school knew exactly where to go, who to see and she asked for the child
He said that the woman apparently did not provide school authorities with identification, but deferred to the School District for further questions about possible breakdowns in protocol. “To my knowledge, she did not show identification, but she did inscribe her name on a clipboard or sign-in sheet,” he said. “Her identity couldn’t be ascertained from that.”
Philadelphia School District Fernando Gallard said that adults picking up children are required to go to the school administrator’s office and show government-issued photo identification, which is checked against the student’s file to make sure that adult is authorized to remove the child.
“Once it is determined the child should be released to this person, the office calls the classroom and asks the child to be escorted down to the administrator’s office,” he said. “The administrator is to see the interaction between the adult and child and make sure that looks correct. The adult can then leave the building with the student.”
But he said, in this case, the abductor apparently bypassed the administrator’s office by signing her name on a log-in sheet at the front desk, then proceeding directly to the child’s classroom.
“A very crucial point here is that no student should be released from the classroom and that’s what occurred here,” he said. “So if the adult is able to bypass the front office, every teacher and staff member in the building should know that the only way to release a student to an adult is by following that protocol.”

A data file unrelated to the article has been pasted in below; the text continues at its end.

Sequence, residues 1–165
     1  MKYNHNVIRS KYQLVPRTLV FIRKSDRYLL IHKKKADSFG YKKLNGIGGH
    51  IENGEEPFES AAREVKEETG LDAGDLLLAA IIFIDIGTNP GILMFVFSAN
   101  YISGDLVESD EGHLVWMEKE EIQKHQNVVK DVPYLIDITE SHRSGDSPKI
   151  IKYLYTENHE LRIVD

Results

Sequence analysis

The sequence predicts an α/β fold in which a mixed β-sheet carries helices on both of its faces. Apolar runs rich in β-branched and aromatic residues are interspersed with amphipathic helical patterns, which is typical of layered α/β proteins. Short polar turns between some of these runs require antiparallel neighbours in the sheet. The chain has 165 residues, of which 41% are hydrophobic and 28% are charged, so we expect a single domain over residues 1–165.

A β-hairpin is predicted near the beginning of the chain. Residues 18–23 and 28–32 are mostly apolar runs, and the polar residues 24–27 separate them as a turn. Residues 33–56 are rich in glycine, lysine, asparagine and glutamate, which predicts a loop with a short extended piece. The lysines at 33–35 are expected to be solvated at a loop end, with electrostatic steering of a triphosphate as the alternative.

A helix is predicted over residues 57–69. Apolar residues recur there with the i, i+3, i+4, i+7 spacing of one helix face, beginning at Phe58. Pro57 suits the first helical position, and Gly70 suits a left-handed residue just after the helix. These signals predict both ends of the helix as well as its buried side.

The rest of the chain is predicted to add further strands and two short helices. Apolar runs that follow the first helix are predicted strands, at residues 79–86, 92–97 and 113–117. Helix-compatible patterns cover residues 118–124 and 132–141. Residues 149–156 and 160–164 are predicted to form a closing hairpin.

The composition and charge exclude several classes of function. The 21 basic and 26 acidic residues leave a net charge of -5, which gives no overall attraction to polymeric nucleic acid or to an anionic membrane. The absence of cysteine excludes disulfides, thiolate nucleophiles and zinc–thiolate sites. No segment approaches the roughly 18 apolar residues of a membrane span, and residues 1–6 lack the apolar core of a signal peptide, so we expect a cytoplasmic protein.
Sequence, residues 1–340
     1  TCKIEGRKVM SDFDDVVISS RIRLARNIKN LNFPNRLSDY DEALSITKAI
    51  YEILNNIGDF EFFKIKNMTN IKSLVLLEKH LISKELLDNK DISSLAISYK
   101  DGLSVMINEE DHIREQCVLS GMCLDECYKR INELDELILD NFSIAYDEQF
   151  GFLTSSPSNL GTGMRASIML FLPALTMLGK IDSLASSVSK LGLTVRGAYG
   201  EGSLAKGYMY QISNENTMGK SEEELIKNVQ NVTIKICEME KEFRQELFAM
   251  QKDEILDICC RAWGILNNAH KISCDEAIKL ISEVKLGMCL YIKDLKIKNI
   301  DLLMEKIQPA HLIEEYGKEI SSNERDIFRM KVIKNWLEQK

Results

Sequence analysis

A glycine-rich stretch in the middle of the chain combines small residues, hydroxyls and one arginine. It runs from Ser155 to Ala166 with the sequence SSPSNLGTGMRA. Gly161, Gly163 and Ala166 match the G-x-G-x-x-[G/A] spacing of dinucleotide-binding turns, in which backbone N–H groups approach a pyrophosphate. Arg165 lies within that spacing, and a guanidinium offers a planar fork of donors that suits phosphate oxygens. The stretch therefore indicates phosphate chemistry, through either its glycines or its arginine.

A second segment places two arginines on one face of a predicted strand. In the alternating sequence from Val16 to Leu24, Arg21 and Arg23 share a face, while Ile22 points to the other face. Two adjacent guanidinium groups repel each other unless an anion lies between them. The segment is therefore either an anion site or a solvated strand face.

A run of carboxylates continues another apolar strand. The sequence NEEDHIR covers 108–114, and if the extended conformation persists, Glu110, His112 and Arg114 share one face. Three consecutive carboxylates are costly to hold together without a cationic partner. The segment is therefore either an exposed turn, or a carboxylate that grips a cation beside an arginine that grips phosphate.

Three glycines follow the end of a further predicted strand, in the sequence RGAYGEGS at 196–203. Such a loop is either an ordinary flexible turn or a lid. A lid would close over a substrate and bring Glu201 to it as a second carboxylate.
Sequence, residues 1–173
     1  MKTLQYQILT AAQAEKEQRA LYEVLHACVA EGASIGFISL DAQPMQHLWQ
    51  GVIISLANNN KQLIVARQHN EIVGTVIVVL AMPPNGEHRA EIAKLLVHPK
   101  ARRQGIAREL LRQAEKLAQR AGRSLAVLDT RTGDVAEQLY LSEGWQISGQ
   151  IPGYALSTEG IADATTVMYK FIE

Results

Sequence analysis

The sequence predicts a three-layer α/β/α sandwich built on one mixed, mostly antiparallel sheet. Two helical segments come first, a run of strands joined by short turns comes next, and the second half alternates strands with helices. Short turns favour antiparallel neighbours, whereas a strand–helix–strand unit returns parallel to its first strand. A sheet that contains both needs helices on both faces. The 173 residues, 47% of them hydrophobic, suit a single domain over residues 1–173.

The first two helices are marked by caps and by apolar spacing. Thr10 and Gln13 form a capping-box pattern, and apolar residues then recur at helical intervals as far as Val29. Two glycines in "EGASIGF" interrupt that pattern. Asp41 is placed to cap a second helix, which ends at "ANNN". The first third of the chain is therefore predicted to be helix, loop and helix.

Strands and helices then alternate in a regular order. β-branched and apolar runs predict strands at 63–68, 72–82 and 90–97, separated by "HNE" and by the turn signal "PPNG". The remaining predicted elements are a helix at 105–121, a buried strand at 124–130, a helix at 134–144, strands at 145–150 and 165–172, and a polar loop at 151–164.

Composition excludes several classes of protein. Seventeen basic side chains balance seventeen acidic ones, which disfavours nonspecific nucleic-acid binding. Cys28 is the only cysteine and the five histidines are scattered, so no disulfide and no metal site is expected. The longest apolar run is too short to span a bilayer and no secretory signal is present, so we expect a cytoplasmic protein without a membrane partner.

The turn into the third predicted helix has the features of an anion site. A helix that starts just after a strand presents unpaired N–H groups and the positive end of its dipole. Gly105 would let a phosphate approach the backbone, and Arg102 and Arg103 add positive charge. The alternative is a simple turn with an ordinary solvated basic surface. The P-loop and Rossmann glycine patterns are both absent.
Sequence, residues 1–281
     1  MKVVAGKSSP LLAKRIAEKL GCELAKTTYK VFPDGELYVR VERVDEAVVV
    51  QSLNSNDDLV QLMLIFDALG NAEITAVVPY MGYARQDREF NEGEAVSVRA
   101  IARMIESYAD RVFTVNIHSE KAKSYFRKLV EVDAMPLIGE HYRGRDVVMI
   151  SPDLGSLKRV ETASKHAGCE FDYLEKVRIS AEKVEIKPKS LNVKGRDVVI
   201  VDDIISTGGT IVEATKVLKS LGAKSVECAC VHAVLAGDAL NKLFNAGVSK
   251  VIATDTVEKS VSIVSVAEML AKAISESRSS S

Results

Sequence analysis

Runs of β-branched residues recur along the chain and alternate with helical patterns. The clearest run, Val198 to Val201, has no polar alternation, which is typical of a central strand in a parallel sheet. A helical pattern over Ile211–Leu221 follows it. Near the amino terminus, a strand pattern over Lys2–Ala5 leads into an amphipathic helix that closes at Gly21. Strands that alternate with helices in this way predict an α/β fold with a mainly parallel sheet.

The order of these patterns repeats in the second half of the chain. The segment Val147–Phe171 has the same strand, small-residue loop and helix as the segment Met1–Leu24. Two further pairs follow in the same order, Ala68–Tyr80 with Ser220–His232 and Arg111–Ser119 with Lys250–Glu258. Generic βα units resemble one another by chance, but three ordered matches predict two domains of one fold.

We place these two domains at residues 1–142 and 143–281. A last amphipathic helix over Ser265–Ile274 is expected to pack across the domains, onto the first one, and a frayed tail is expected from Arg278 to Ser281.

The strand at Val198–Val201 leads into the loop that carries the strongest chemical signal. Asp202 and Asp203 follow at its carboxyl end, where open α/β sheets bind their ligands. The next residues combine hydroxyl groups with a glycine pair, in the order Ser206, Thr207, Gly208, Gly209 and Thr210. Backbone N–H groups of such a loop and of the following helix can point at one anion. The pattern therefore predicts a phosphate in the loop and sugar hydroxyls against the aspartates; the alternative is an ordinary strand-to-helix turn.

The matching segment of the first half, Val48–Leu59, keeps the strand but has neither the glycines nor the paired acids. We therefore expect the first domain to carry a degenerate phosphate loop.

He said that the School District is reaching out to each of its employees to re-emphasize the steps that must be taken before a child can be released and the importance of adhering those steps. “We believe the protocol we have in place works and it works well,” he said. “But it only works when adults are following it and when staff members are working together to make sure procedures and protocol are being adhered to.”
Investigators said they have received full
cooperation from the School District. They are now processing physical evidence from several scenes and
reviewing surveillance video.
Darby said the offenders never made contact with the child’s parents regarding a ransom or any other demands, but that police are investigating whether the suspect was known to them. “The investigation continues surrounding anyone who might have had contact with the parents,” Darby said.
He said police are focused on the immediate area surrounding the school because the abductor did not, to his knowledge, flee in a vehicle, but that the fact that the girl was transported through multiple neighborhoods and counties gives investigators a large area to canvass.
“You have a very broad area to search for surveillance video, witnesses – anything,” he said. “The investigation could take several turns here and has already.”
Anyone with information about the abduction or the suspects is asked to contact the Special Victims Unit at 215-685-3251, to call 911, or to submit an anonymous tip by dialing 215-686-TIPS (8477), texting PPD TIPS (773 8477), emailing email@example.com or by filling out this online form.